SRNA's: Study Schedules, Sleep, Sanity? - page 3

Current and past SRNA's: I'm starting my education this fall, and would like to hear from SRNA's on how they are managing their time and what works for them to keep their balance and sanity... Read More

  1. by   versatile_kat
    Thanks a lot for those words of inspiration Athlein1 ... they were great.
  2. by   athomas91
    Althein...LOL
    i am in the same boat w/ you on the commute...that is a killer....i am just finishing my first semester - and wouldn't you know it - this last test has enough info on it to burn in the fireplace and heat my house all winter.....are there any studies on how many SRNA's develop ulcers??

    to all those beginning - Althein gave wonderful advice - almost all of which i followed prior to starting...you will still ask yourself "why did i do this to myself" at least on a wkly basis.....
  3. by   J.L.Seagal
    During holiday breaks, and breaks between semesters, would you recommend working some extra shifts in a hospital...especially if you're wanting to establish state residency status?
  4. by   alansmith52
    I don 't work on the breaks, some do.
    heres my reasons.
    1. how much am i gonna make 1k or maybe 2k. that is nothing in the vast chasm of debt. if your hanging by a K or two. re-visit your financial plan.
    2. Is the further torcher on my body and brain worth my academic performance? no need to answer that one.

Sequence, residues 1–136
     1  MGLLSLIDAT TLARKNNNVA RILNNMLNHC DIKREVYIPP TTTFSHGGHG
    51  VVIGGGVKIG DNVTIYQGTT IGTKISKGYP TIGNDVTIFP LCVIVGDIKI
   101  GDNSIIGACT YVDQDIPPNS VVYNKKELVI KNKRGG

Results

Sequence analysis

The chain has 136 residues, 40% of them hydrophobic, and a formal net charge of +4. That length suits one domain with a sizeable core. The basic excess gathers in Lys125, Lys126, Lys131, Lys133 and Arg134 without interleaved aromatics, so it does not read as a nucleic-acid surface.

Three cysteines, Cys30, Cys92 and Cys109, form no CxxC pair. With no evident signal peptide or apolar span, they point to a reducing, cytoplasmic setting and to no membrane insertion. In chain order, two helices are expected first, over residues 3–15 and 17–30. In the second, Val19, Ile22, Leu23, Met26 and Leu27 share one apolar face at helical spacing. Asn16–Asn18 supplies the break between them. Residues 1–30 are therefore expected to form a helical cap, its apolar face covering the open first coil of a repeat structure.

anyway bla bla bla. I agree also with Athelin thats a great list. lots of people will give advise but that list is pretty comprehensive and thoghs techniques are proven.
  5. by   Sheri257
    Quote from NCgirl
    Yeah, 92 for A, 83 for B, must maintain 3.0 GPA. Make more than two C's (even if your GPA is 3.5), and you're out. NA school is not very forgiving.

    Does anyone know if medical schools also kick you out if this happens? Just curious about how the standards compare.

    I remember Nilepoc mentioning in his blog that CRNA students were graded tougher in some courses that also included medical students, so I was wondering if that was the case overall, or not.

    :spin:
    Last edit by Sheri257 on Apr 28, '04
  6. by   Athlein1
    I thought of a couple more things:
    1. lecture taping - if you have a long commute, or if you are a learn-by-listening student, consider investing in a quality voice recorder. I did this for a very visual class (anatomy and physiology) and really watched the instructor during the class, then re-listened and took notes on the material in the evenings. I did really well and put less effort overall into the class than my peers.
    2. audio digest - again, if you are a commuter or a learn-by-listening student, consider getting the audio digest. Great way to get information about topics, usually by experts in that area, through listening. It also reinforces what you are learning in class.
    3. www.theanswerpage.com. It has a daily Q&A format on an anesthesia-related topic. Good for making you think back to what you have learned and gauging your retention.
    4. ASA refresher course lectures. Offered annually at the ASA meeting, these are concise reviews with references spanning most of the topics of interest in anesthesiology. It comes with CD and book. Very good for a quick but thorough nitty-gritty on specific topics.

    I'm realizing that it is very easy to develop a serious case of tunnel vision during your didactic coursework. What I mean is that you study specific material for a certain test, then you move on. Yet, the knowledge you attain during school needs to be cumulative knowledge. Frequent review of past topics (like using audio digest, theanswerpage, etc) is probably as important as mastering current material. Saving a few hours of study each week to review what you have learned seems like a really good idea. I'm going to give it a try this semester...